Carolyn V. said...

I must admit, I grew up with School House Rock and still refer to it today. I even find myself singing it around the house when my kids have questions about homework.

Who can resist the funky sounds of conjunction junction what’s your function? Oh man, feeling the urge to dance. Have a great day!

Jessica Nelson said...

I didn't know about this until after I was an adult, but I still use it. :-)

Sarah J. MacManus said...

I sometimes use the "I before E", but rarely any others. If they don't "look right" - I just type it into Word and see if it ends up underlined in red. I don't usually have problems with spelling, but when I'm editing someone else's work - creative use of punctuation can make me insane.

Anonymous said...

I use con-science too, that's funny. And the month rhyme. And "it is" for it's. And "bring" it to me but "take" it away.

And I have to be careful with "tonight", because somewhere along the way the casual "tonite" crept its way into my life and that's what looks normal to me.

Jeanne Ryan (Serenissima) said...

My Very Educated Mother Just Served Us Nine Pizzas -- for the order of planets in proximity to the sun. (Mercury, Venus, Earth, Mars, Jupiter, Saturn, Uranus, Neptune, Pluto (which technically is a 'dwarf planet' now). I don't use it everyday, but often enough with my six-year-old.

Elaina J. Davidson said...

A fatty and a thinnie and a gu hu tu...E I G H T...

Always find that funny!

L.C. Gant said...

Oh, the months rhyme... I still use that one all the time! Sometimes I use the "I before E" rhyme, too.

My favorite is the image I learned to remember prepositions. They're "anywhere a mouse can go": over the log, under the log, around the log, behind the log, etc.

I haven't used it in a while, but it works like a charm when I get stuck!

Anonymous said...

I lie myself down. I lay the pen and anything else, down.

Jeremy D Brooks said...

A dumb literary one I use:

"than" has an "a", like compAre..."then" has an "e" like timE. (never mind that compare has an "e" as'll just confuse me).

Non-literary one: I learned how to play guitar while working as a janitor in my youth, and memorized the string tunings as "Empty Ashtrays, Dump Garbage Before Exiting"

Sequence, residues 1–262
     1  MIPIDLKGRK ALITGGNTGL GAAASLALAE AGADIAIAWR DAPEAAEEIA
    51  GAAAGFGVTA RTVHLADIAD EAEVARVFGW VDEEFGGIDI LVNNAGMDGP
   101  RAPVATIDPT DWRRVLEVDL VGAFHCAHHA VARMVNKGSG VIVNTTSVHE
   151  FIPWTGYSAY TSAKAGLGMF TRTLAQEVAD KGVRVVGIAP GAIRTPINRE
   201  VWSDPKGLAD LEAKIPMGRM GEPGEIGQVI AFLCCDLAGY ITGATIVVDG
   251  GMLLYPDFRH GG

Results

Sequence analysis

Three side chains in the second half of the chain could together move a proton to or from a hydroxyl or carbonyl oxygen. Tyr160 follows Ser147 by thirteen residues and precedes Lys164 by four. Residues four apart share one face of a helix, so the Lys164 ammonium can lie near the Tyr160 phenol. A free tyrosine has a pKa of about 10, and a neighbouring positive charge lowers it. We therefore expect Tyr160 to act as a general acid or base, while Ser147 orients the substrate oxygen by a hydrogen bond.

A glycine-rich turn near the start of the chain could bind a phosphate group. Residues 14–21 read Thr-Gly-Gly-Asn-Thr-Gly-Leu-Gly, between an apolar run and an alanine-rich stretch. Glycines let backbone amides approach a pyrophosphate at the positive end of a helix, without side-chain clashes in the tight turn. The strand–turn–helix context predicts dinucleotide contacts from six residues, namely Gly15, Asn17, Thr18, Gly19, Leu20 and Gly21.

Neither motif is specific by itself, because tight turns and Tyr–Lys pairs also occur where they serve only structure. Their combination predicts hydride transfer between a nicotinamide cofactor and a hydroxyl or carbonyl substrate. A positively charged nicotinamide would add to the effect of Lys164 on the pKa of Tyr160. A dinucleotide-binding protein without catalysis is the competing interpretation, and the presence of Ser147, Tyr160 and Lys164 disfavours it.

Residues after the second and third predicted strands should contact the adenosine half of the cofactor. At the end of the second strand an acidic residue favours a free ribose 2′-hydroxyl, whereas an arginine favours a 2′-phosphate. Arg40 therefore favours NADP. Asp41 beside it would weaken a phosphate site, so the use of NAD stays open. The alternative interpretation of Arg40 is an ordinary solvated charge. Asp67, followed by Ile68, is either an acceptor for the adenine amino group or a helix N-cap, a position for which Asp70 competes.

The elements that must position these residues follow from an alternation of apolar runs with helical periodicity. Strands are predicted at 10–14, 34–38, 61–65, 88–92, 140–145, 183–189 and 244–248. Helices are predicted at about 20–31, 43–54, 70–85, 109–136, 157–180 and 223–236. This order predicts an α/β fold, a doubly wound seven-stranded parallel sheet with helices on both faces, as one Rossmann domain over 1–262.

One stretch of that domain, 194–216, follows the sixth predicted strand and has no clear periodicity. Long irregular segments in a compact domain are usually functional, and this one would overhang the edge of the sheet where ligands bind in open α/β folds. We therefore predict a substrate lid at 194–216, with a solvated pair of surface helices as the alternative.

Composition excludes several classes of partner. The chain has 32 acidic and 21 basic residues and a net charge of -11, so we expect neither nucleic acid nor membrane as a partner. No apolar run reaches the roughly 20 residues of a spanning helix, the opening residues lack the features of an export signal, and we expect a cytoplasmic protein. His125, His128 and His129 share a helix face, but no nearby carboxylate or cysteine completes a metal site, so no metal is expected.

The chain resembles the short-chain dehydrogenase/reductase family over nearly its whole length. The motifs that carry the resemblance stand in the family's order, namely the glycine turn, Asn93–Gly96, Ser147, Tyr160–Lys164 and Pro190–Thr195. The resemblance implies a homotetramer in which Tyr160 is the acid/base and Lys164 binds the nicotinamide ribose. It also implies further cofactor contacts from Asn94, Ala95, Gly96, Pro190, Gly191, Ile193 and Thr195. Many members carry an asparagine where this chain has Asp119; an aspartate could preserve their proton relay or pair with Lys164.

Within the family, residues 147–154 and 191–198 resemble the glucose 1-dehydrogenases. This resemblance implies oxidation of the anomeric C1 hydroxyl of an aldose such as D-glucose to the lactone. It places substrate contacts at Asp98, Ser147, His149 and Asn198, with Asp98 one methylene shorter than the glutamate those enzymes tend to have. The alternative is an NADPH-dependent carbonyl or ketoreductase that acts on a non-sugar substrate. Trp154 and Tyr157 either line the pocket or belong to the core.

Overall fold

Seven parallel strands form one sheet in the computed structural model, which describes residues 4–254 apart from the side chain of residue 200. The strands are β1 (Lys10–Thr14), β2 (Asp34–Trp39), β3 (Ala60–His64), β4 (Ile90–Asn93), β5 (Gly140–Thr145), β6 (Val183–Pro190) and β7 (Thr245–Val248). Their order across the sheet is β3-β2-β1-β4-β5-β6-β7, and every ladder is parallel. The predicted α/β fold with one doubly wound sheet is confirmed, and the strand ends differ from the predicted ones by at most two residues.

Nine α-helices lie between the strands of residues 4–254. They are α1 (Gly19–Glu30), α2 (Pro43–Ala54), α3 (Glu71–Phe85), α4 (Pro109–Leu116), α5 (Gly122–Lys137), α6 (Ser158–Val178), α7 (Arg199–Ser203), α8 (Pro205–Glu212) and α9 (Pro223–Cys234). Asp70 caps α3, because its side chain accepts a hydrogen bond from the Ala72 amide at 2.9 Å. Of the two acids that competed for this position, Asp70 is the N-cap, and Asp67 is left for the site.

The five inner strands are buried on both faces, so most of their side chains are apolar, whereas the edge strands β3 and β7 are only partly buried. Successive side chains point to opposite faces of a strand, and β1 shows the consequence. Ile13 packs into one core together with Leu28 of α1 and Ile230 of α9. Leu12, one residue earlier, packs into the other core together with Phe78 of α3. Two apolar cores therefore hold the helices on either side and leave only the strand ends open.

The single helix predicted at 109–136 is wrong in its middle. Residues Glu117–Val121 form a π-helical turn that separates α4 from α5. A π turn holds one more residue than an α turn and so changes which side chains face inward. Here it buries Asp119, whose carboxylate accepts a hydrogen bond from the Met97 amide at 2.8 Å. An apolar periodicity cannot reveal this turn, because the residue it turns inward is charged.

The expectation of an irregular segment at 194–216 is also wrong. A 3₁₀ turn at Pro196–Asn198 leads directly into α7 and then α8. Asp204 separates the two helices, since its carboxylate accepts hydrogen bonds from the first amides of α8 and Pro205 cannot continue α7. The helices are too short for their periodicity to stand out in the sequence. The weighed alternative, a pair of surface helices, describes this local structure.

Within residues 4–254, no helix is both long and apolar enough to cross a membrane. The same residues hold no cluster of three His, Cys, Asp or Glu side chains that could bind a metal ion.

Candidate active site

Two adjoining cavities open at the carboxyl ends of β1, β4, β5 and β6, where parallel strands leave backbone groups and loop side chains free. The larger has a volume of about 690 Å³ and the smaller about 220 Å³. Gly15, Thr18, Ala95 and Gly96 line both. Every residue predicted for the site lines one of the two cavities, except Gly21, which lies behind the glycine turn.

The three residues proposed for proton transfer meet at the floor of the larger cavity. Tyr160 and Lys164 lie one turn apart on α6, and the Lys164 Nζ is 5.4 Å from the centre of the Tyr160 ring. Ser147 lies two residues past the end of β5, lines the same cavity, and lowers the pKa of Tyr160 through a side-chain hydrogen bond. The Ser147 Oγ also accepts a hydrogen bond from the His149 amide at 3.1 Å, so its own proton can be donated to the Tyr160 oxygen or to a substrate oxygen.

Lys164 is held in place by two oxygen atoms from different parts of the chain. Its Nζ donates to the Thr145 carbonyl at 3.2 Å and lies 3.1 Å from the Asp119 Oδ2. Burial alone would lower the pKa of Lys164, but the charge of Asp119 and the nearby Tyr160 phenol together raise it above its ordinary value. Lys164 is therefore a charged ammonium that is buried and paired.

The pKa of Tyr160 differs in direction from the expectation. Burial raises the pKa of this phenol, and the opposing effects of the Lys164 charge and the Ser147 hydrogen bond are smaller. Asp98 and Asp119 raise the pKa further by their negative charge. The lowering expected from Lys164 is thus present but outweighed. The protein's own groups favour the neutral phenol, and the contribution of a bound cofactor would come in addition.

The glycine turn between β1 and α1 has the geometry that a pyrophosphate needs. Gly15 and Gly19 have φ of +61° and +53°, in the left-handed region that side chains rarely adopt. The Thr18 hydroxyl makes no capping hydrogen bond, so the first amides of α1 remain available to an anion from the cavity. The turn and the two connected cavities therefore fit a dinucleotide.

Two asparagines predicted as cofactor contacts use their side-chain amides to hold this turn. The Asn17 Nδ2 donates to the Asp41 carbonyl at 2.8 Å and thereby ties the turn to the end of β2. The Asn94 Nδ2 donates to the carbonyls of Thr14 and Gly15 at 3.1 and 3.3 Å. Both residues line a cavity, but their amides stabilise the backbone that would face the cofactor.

Elissa M said...

I mess up right and left all the time BECAUSE of constantly being told "you write with your right hand" and I'm a lefty!

Music: Elvis Goes Bopping Down the Freeway

Kate Sloan Fiffer said...

I remember an even further extension of the "i" before "e" except after c, or when sounded like a, or in this sentence: "Neither leisured foreigner seized the weird heights."
I also fondly remember 8th grade science class and learning kingdoms, species, etc, from our teacher Mr. Kessler with the sentence "Kessler Punched Cole On Friday Great Show." Unfortunately, I don't remember enough science to remember what most of the initials stand for!

ryan field said...

There's a purse in pursue. I have tons.

Janet said...

We had to make up a few as an exercise in high school. I still remember these two:

PAR and my golf score are two sePARate numbers.

There are more desPERate people PER capita... (finish it anyway you like.)

And I before E, and "thirty days hath September", although I know the knuckle routine too.

Anne-Marie said...

As a teacher I still have all the fun ones:

Sir Cumference sits around the table (circumference measures around the circle)

Dracule Must Suck Blood (divide, multiply, subtract, bring down to learn the steps for long division)

The average teacher is mean (a mean is another word for the average).


LCWright said...

I find that when I'm writing I don't think about mnemonics at all. My writing is focused on the content of the story. The rest only comes into play when I go back and review to make corrections. "Then", through the use of a spell checker, a loving wife who forces herself to read what I've written and a little common sense, everything comes together. (Also spelled To Get Her). However, the best I can recommend is just reading carefully what you've just written. "It's" not fancy, just functional.

Diana said...

I tend to break words down into parts:

Con + science = Conscience.
Bus + i + ness = Business.
And I have to think of Chihuahua as "Chee hooah hooah" to spell that one right.

Dayle A. Dermatis said...

The Bay City Rollers taught me how to spell Saturday.

Janet said...

"I lie myself down. I lay the pen and anything else, down."

No, that's incorrect. I LAY myself down. If it's transitive, it's "lay" (and myself is the object of the verb, so the verb is transitive). I lie down. I lay myself down, I lay the pen down.

Meg said...

"Spring forward, fall back" to remember whether to turn the clock forward or back for daylight savings time.

ggwritespoetry said...

I learned this from a fellow English teacher... Food is DONE, people are FINISHED.,, don't know if it's a grammar rule, but the embarrassement of having her correct me made a believer out of me.

Anonymous said...